The ceramic bezel is fairly technically challenging, as the ceramic material changes physical dimensions when fired, and the claws need to fit seamlessly into their recesses. Once the bezel’s fired, depressions for the Roman numerals are laser-cut into it, and then they’re filled with Omega’s Ceragold. The entire bezel is then brushed, and since the ceramic is harder than the gold, the numerals pick up a brushed matte finish while the ceramic remains untouched.
The movement is Omega’s caliber 8900, or the 8901 depending on the model – they are identical technically; the 8901 is the version with a gold rotor, and it’s used primarily in precious metal Omega watches. Both run in 39 jewels, with a 60-hour power reserve; they use co-axial escapements and are Master Chronometer certified, with free-sprung, adjustable mass balances, silicon balance springs, and an ability to resist magnetic fields as strong as 15,000 gauss.
The co-axial escapement and Master Chronometer certification are becoming more and more ubiquitous across Omega’s entire production, with a few exceptions including some quartz models and, of course, the Moonwatch. These are easily some of the most advanced movements being made today from a technical perspective. It’s easy to take what Omega does from a technical watchmaking standpoint a bit for granted, but their Master Chronometer movements are the most advanced mechanisms Omega has ever made by a considerable margin. They offer a long-term precision in timekeeping, as well as a robustness and durability, which is approached by very few of the company’s competitors. I don’t think that the co-axial escapement (or many of the other technical enhancements in the movements) necessarily sell all that many watches – it is a truism of luxury retail that the more you have to explain, the less likely you are to make a sale – but I think Omega deserves a lot more credit than it generally gets for its consistent commitment to technical excellence.
The new 41mm models start at $ 5,850 for steel on rubber with a steel bezel. All other models have ceramic bezels, and with a ceramic bezel, the steel model is $ 6,500; steel and gold models are $ 8,650, and prices go up to $ 20,400 for the full-gold models. All the 41mm models are by default strap-only, however, you can get one of the precious metal bracelets launched with the 39mm models on request (and I assume at a considerable premium). I don’t know that I’d want one of these watches on a metal bracelet. I’ve had a chance to spend a bit of time with the gold and black ceramic model and found it so convincing that I can’t imagine a gold bracelet doing very much to increase its appeal, but without actually seeing such a combination in the metal, I’m reluctant to make any definitive judgment. As I grow older, I increasingly feel that there is no such thing as too much yellow gold (which I suppose is to say that, as an aging watch enthusiast, I increasingly revert to type), so there is a non-zero probability that I would find such a combination instantly convincing after all.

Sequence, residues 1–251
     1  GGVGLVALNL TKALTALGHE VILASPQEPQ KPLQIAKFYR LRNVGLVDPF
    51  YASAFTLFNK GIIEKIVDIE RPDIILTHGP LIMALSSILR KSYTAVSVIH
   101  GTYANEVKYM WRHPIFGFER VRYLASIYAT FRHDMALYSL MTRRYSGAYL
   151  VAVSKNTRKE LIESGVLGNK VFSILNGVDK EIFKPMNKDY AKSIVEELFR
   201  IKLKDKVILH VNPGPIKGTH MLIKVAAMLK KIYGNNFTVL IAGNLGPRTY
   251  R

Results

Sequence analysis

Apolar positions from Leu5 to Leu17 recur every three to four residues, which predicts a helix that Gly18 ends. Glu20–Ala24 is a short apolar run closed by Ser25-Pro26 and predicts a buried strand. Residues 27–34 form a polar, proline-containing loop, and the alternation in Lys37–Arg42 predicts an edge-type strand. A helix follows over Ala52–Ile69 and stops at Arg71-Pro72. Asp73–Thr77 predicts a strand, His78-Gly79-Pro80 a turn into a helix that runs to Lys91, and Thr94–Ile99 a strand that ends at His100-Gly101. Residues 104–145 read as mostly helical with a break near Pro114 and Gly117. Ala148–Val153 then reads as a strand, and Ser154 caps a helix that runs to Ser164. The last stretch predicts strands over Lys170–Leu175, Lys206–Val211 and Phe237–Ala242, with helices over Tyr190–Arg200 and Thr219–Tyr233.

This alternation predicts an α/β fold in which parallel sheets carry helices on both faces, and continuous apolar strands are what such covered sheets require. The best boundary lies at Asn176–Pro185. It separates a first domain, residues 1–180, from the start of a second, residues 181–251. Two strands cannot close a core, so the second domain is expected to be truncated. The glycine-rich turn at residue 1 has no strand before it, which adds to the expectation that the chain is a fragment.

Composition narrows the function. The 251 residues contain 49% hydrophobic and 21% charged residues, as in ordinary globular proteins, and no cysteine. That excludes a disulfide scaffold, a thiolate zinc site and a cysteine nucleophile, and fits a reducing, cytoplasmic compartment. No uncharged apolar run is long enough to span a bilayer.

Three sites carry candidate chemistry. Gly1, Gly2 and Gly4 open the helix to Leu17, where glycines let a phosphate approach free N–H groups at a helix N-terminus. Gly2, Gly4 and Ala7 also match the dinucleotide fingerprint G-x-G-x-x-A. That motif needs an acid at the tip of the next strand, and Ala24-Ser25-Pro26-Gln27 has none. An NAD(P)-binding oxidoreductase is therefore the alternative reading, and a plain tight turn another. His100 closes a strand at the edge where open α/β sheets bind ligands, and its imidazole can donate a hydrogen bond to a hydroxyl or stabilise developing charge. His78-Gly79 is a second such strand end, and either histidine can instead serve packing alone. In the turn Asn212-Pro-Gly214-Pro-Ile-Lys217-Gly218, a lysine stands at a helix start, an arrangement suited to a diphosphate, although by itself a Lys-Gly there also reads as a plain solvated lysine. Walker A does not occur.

The Constellation is not the mainstream enthusiast’s Omega, but I think the collection offers tremendous bang for the buck at all three price points. You couldn’t ask for more from a technical watchmaking standpoint, certainly, and fit and finish is also as good as you could hope. Omega’s use of ceramics has matured to the point that there is a seamless continuum in their watches between the appeal of ceramic for its technical properties and its aesthetics, and the Constellation watches give a very pleasant impression of careful attention to detail (the radial brushing on the dials, for instance, is actually centered around the star at 6:00, which I missed at first).
I suppose that part of the question with the Constellation is the extent to which you feel Carol Ditisheim’s original concept has aged well. As a child of the ’80s (more or less), for me, the design has a lot of nostalgic appeal, but you didn’t have to teeter on the brink of adulthood during that period in order to find a certain amount of period charm in the designs. If you want a pre-1980s take on the Constellation, there is of course the Globemaster, with a more traditional case, the same technical excellence, and the classic pie-pan dial from the era of the Constellation collection’s birth. Either way, you get interesting designs, superb movements with proven chronometric performance, and a chance to own something that represents real interest in terms of the evolution of watchmaking at Omega in the 20th – and 21st – centuries.
The Omega Constellation 41mm Collection: Cases, 41mm x 13.5mm, in steel, steel and gold, or yellow gold; water resistance, 5 bar/50 meters. Movements, Omega calibers 8900/01 (the latter with gold rotors) with Master Chronometer certification; antimagnetic to at least 15,000 gauss; freesprung adjustable mass balance with silicon balance spring; 60-hour power reserve, 25,500 vph running in 39 jewels; twin mainspring barrels. Prices, $ 5,850 (steel on rubber, steel bezel) $ 6,500 (steel with ceramic bezel) $ 6,850 (gold and steel) and $ 20,400 in gold, with ceramic bezel. Find out more about the Constellation Collection at Omegawatches.com.